Before we deal with the merits, we must dispose of a technical point. The government hasspent some energy in maintaining that this case should have been brought up by appeal, andnot by writ of error. We are of opinion, however, that the mode adopted was right. Theproceeding for registration is likened to bills in equity to quiet title, but it is different inprinciple. It is a proceeding
in rem
under a statute of the type of the Torrens Act, such as wasdiscussed in
Tyler v. Court of Registration,
175 Mass. 71. It is nearer to law than to equity, and isan assertion of legal title; but we think it unnecessary to put it into either pigeon hole. A writ of error is the general method of bringing cases to this Court, an appeal the exception, confined toequity in the main. There is no reason for not applying the general rule to this case.
Ormsby v.Webb,
Campbell v. Porter,
Metropolitan R. Co. v.District of Columbia,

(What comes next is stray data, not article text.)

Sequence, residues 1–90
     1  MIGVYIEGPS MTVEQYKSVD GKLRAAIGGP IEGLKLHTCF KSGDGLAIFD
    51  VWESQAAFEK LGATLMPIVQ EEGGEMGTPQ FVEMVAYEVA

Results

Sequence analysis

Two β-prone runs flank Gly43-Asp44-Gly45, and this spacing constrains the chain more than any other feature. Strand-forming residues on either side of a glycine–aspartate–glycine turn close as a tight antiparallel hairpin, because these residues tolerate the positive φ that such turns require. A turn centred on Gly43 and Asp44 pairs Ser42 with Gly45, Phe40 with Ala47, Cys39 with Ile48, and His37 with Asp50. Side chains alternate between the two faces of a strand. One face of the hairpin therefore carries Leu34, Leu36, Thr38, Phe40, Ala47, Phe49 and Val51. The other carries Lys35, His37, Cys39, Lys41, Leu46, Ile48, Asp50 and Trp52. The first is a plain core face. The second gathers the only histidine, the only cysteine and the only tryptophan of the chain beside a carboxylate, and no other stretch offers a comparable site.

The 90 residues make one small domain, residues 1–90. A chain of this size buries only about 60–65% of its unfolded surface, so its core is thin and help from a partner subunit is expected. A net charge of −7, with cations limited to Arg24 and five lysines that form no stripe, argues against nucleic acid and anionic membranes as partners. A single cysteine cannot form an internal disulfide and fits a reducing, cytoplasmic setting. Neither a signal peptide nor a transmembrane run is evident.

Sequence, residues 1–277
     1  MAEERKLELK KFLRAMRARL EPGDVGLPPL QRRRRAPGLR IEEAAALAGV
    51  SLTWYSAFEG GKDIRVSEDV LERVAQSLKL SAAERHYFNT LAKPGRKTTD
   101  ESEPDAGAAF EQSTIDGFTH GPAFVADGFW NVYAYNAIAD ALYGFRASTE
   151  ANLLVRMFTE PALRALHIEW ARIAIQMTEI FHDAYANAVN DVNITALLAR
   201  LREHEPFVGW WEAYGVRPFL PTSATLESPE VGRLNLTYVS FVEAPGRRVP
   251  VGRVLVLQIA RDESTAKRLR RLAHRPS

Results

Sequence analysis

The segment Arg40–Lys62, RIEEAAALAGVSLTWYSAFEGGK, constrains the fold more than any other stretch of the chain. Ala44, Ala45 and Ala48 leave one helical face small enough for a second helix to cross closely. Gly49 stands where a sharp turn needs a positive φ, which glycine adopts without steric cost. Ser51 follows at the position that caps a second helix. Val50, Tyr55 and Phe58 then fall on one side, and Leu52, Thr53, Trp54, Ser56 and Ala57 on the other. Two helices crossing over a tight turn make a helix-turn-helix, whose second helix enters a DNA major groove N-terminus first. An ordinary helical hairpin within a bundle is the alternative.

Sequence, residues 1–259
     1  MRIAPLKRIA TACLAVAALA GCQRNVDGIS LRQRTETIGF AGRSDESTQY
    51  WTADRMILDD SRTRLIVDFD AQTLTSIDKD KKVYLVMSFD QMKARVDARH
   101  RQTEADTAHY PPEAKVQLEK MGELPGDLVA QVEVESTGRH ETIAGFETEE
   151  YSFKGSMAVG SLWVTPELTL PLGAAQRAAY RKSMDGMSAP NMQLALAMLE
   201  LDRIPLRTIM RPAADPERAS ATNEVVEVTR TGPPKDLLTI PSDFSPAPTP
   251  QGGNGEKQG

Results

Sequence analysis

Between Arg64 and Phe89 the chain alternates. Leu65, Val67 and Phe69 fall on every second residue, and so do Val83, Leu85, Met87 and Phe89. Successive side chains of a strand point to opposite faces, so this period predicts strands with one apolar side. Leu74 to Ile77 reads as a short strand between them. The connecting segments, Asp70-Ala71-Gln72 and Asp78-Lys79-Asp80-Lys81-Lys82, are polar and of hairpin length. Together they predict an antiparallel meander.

195 U. S. 322.  Another preliminary matter may as well be disposed of here. It is suggested that, even if theapplicant have title, he cannot have it registered, because the Philippine Commission's Act No.926, of 1903, excepts the Province of Benguet among others from its operation. But that actdeals with the acquisition of new titles by homestead entries, purchase, etc., and the perfectingof titles begun under the Spanish law. The applicant's claim is that he now owns the land, and isentitled to registration under the Philippine Commission's Act No. 496, of 1902, whichestablished a court for that purpose with jurisdiction "throughout the Philippine Archipelago," §2, and authorized in general terms applications to be made by persons claiming to own thelegal estate in fee simple, as the applicant does. He is entitled to registration if his claim of ownership can be maintained.We come, then, to the question on which the case was decided below -- namely, whether theplaintiff owns the land. The position of the government, shortly stated, is that Spain assumed,asserted, and had title to all the land in the Philippines except so far as it saw fit to permitprivate titles to be acquired; that there was no prescription against the Crown, and that, if therewas, a decree of June 25, 1880, required registration within a limited time to make the titlegood; that the plaintiff's land was not registered, and therefore became, if it was not always,public land; that the United States succeeded to the title of Spain, and so that the plaintiff hasno rights that the Philippine government is bound to respect.If we suppose for the moment that the government's contention is so far correct that theCrown of Spain in form asserted a title to this land at the date of the Treaty of Paris, to whichthe United States succeeded, it is not to be assumed without argument that the plaintiff's caseis at an end. It is true that Spain, in its earlier decrees, embodied the universal feudal theorythat all lands were held from the Crown, and perhaps the general attitude of conquering